Ammar predicts especially large anti-government protests on Friday and said the protests will continue despite the government’s crackdown.

The United States has consistently urged the Syrian government to begin reforms immediately, but State Department spokesman Mark Toner said Assad’s speech this week was not encouraging.

"I think it’s clear to us that it didn’t really have much substance to it and didn’t talk about specific reforms as was suggested in the run-up to the speech," said Toner. "We understand that protests are scheduled, I believe, for Friday and, obviously, we would strongly condemn any violence against those protesters."

Robert Hunter, a former U.S. Ambassador to NATO, says Washington has increasingly less leverage, however, to use against Assad if the Syrian leader continues his harsh measures.

"It is obvious that we are not going to use force, and something like a no-fly zone would not be applicable because the [Syrian] internal security forces don't use aircraft. And who knows what will happen if the brutality continues and if there is an outcry about massive murdering of people," said Hunter.

Hunter’s cautious assessment is shared by many U.S. experts, who point out that Syria’s central role in the search for Middle East peace makes it an especially delicate problem for Washington policy-makers.

You May Like

Lebanese Media Unite to Support Palestinians in Gaza

Joint newscast billed as Arab world’s first unified news bulletin in support of Hamas-controlled Gaza Strip More

Photogallery Australian PM Alleges ‘Coverup’ at MH17 Crash Site

Meanwhile, Russia's ambassador to Malaysia denies plane's black boxes were opened before they were handed over to Malaysian officials More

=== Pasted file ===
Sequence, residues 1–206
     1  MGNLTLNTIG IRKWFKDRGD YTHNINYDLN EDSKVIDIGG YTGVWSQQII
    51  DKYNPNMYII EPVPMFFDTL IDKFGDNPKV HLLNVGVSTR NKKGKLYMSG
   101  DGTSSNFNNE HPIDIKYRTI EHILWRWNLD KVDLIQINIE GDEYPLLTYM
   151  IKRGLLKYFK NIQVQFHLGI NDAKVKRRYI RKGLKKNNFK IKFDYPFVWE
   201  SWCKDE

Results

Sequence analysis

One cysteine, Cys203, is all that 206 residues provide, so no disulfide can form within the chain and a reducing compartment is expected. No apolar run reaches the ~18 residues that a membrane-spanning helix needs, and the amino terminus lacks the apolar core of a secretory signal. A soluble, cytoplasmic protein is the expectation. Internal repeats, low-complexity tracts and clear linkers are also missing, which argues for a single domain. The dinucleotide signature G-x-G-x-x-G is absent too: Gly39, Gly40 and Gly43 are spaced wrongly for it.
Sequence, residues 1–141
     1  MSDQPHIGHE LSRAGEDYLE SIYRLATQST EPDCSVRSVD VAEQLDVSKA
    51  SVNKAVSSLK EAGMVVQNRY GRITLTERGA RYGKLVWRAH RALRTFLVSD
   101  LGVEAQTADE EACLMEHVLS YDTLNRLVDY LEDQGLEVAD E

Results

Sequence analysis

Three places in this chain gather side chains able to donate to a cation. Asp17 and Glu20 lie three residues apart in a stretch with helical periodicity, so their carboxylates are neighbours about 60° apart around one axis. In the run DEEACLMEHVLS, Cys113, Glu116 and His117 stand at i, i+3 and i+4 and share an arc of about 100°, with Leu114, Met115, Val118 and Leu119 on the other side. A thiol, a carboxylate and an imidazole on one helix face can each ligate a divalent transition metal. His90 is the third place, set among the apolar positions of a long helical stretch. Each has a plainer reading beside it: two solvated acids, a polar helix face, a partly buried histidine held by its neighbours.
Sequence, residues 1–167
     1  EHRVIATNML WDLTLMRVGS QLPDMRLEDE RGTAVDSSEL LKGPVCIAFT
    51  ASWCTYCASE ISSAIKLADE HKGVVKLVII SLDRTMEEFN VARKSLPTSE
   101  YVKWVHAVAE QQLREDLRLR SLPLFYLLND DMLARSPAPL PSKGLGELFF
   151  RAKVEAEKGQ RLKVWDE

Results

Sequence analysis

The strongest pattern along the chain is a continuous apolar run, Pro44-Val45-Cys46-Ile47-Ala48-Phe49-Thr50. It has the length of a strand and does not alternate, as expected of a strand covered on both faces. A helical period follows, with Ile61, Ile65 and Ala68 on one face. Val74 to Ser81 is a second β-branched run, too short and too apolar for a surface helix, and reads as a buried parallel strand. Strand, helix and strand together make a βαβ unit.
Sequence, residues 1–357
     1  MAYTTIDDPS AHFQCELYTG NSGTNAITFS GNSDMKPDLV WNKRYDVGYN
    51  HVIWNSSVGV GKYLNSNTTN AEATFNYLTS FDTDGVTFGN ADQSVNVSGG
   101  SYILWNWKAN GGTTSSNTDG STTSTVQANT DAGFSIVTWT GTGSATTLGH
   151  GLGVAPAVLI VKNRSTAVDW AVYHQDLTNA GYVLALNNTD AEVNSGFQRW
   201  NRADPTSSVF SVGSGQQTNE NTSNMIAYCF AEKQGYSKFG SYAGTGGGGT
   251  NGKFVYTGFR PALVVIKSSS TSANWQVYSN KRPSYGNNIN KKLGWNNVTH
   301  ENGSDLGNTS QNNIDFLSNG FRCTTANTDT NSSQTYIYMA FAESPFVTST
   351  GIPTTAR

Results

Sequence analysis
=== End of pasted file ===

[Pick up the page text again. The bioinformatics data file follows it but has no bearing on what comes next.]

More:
Despite Advances in AIDS Treatment, Stigma Lingers

Leading immunologist tells VOA that stigma is often what prevents those infected with disease from seeking treatment More

This forum has been closed.
Comments
     
There are no comments in this forum. Be first and add one

Featured Videos

Your JavaScript is turned off or you have an old version of Adobe's Flash Player. Get the latest Flash player.
IAEA: Iran Turns its Enriched Uranium Into Less Harmful Formi
X
July 22, 2014 10:26 AM
Iran has converted its stockpiles of enriched uranium into a less dangerous form that is more difficult to use for nuclear weapons, according to the United Nations’ Atomic Energy Agency. The move complies with an interim deal reached with Western powers on Iran's nuclear program last year, in exchange for easing of sanctions. Henry Ridgwell reports for VOA from London.
Video

Video IAEA: Iran Turns its Enriched Uranium Into Less Harmful Form

Iran has converted its stockpiles of enriched uranium into a less dangerous form that is more difficult to use for nuclear weapons, according to the United Nations’ Atomic Energy Agency. The move complies with an interim deal reached with Western powers on Iran's nuclear program last year, in exchange for easing of sanctions. Henry Ridgwell reports for VOA from London.
Video

Video Relic of Saint Draws Catholics Worried About Immigration Issue

A Roman Catholic saint who is a figure of devotion for those crossing the border into the United States is attracting believers concerned about the plight of undocumented immigrants. Mike O'Sullivan reports from Los Angeles, where a relic of Saint Toribio has drawn thousands to local churches.